Game of Thrones (Season 7) Episode 5 Script Leaked — Hacker Demands Millions in Ransom
The latest release is the second leak from the hackers who claimed to have obtained around 1.5 terabytes of information from HBO, following the release of upcoming episodes of "Ballers" and "Room 104," and a script of the fourth episode of "Game of Thrones."
With the release of another half-gigabyte sample of its stolen HBO data, the hacking group has finally demanded a ransom worth millions of dollars from the entertainment giant in order to prevent further leaks.
The latest HBO data dump includes company's several internal documents, including emails, employment agreements, financial balance sheets, and marketing-strategy PDFs, along with the script of the yet-to-air 5th episode of Game of Thrones, all watermarked with "HBO is Falling."
The hackers reportedly sent a video message to HBO President and CEO Richard Plepler and demanded his "six-month salary in Bitcoin" — which is almost $6 Million — as a ransom for the stolen data otherwise they'll continue to leak.
"We successfully breached into your huge network. HBO was one of our difficult targets to deal with, but we succeeded (it took about 6 months)," the letter reads as quoted by Wired.
Last week when the hackers released the first batch of stolen data, HBO confirmed the cyber attack on its network but did not confirm how much data the hackers have stolen and whether it included upcoming episodes of the widely watched Game Of Thrones.
"Our demand is clear and Non-Negotiable: We want XXXX dollars to stop leaking your Data. HBO spends 12 million for Market Research and 5 million for GOT7 advertisements. So consider us another budget for your advertisements!"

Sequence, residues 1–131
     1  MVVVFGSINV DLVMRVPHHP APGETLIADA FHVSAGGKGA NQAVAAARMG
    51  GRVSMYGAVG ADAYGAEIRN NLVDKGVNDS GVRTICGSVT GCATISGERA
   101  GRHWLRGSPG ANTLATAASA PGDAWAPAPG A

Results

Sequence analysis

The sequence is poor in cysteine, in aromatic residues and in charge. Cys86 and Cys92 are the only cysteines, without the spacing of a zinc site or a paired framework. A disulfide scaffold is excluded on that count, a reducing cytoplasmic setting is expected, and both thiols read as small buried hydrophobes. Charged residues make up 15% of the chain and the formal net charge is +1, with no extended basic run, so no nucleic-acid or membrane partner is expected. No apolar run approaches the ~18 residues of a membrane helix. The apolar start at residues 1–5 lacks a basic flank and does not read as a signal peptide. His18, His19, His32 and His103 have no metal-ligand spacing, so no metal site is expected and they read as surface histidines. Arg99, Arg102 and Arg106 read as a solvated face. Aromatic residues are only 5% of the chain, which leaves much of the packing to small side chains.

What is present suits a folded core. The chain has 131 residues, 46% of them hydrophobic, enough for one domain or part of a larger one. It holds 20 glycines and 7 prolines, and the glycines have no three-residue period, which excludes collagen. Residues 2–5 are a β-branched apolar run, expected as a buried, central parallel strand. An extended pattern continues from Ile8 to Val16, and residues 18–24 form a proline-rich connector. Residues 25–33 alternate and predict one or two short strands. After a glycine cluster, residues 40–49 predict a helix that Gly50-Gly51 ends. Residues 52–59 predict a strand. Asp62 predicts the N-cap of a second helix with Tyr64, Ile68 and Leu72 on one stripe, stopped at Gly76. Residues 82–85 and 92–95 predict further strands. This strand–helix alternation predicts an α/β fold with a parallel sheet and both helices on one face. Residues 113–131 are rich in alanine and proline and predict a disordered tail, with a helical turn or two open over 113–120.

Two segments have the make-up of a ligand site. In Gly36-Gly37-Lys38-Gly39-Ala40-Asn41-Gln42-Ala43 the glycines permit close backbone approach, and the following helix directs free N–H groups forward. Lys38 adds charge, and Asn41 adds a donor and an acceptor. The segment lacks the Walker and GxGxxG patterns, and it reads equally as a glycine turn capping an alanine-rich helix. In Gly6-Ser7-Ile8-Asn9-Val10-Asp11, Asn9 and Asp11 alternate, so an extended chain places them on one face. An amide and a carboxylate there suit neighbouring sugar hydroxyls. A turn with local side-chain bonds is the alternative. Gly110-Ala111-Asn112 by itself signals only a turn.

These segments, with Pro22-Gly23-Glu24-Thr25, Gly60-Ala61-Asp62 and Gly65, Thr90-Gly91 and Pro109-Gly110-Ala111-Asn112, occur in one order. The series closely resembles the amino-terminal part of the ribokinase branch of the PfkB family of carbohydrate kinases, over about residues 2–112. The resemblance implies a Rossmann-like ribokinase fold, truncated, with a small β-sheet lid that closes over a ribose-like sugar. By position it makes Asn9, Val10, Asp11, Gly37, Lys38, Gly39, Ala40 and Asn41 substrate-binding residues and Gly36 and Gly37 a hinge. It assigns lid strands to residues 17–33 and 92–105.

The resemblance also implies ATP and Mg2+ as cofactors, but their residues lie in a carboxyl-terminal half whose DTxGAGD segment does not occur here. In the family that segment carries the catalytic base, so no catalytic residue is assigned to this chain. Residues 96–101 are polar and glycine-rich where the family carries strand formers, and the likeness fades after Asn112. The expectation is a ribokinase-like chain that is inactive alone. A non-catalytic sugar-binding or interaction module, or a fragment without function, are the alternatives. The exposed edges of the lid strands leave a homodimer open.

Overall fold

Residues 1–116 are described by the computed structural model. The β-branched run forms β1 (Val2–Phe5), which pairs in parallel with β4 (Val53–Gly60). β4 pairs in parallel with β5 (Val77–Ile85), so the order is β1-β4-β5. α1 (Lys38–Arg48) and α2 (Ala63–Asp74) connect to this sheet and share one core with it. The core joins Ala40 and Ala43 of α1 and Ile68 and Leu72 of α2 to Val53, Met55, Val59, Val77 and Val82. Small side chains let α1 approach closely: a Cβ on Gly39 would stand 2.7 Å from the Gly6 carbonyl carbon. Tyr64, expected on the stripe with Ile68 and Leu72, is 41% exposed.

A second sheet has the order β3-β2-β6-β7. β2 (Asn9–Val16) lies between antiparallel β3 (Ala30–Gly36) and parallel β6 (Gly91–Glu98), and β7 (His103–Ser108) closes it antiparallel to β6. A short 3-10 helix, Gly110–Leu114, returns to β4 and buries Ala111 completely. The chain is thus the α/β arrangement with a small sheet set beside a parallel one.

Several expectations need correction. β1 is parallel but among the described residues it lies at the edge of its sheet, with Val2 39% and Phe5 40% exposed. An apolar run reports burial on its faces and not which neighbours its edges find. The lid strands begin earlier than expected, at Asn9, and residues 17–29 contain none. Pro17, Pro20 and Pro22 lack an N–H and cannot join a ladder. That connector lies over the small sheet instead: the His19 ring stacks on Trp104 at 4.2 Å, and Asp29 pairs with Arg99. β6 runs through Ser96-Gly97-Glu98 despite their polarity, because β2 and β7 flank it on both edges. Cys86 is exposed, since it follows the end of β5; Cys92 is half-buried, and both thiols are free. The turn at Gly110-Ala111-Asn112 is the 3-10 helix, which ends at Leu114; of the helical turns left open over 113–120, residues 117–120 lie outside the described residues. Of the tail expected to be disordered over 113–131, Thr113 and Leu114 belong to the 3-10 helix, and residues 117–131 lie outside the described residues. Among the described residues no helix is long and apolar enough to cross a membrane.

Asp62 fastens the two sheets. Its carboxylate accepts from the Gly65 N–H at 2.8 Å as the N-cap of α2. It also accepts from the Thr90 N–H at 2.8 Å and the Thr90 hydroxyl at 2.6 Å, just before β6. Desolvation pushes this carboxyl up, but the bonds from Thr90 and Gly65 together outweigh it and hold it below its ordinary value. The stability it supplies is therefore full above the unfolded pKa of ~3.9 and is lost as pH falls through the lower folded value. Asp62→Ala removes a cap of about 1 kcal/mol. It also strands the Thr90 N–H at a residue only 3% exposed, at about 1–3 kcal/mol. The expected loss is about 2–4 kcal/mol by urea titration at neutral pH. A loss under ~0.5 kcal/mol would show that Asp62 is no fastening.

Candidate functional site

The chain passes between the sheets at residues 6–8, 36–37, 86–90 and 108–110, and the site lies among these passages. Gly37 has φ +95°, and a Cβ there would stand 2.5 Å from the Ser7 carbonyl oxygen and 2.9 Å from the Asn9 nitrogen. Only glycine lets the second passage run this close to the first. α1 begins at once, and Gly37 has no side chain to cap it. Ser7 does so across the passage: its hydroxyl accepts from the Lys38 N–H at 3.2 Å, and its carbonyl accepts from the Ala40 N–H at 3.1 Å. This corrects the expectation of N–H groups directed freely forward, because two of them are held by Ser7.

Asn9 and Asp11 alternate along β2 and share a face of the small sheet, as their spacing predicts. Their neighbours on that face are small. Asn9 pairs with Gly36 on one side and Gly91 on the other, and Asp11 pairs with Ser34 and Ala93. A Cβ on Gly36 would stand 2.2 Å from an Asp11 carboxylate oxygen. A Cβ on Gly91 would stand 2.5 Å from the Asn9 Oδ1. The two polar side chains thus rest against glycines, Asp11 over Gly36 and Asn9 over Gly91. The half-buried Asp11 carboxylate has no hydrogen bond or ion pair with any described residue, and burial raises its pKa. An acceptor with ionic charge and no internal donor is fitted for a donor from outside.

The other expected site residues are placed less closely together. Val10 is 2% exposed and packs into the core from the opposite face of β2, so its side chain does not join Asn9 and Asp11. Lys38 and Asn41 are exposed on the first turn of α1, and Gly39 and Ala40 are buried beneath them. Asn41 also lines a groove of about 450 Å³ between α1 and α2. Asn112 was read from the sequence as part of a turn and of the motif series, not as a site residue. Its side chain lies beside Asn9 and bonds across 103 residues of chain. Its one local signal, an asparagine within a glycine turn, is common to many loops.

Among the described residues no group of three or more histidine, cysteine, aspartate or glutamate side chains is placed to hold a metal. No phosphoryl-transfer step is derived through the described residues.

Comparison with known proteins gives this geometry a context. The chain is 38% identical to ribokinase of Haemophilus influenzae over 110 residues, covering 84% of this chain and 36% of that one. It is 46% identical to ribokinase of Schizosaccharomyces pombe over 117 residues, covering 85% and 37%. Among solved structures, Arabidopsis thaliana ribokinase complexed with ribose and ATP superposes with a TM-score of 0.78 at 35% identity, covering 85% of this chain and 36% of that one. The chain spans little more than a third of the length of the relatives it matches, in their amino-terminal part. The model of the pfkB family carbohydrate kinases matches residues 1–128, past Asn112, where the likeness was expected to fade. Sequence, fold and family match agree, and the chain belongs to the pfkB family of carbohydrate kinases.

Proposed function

The ransom note adds that the deadline for that payment is only 3 days, but does not include a date. The video letter ends with an image of the "Night King" villain from Game of Thrones with his arms raised—the word "standing" in one hand and "falling" in the other.
Data Breaches also published some parts of the ransom demand the hackers, which call themselves white hats, sent to HBO.
In an internal email sent to to the HBO staff last week, Plepler said: "Many people have expressed particular concern about our e-mail system. At this time, we do not believe that our email system as a whole has been compromised, but the forensic review is ongoing."
HBO spokesperson Jeff Cusson told the publication that the company had been expecting more data to emerge from its data breach, but that the company's "forensic review is ongoing."
If hackers have indeed stolen 1.5 terabytes of data from HBO and the company refuse to pay the ransom, users should expect more leaks of upcoming episodes from their favourite shows.
"The review to date has not given us a reason to believe that our email system as a whole has been compromised," Cusson says. "We continue to work around the clock with outside cyber security firms and law enforcement to resolve the incident."
At this moment, it is still unclear who is behind the hack. We will update the story with the latest information.